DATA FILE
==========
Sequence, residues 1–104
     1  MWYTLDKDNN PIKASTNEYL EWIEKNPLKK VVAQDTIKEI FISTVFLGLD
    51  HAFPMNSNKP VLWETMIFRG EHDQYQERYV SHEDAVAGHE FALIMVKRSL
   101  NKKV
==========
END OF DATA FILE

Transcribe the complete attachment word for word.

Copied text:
Sequence, residues 1–104
     1  MWYTLDKDNN PIKASTNEYL EWIEKNPLKK VVAQDTIKEI FISTVFLGLD
    51  HAFPMNSNKP VLWETMIFRG EHDQYQERYV SHEDAVAGHE FALIMVKRSL
   101  NKKV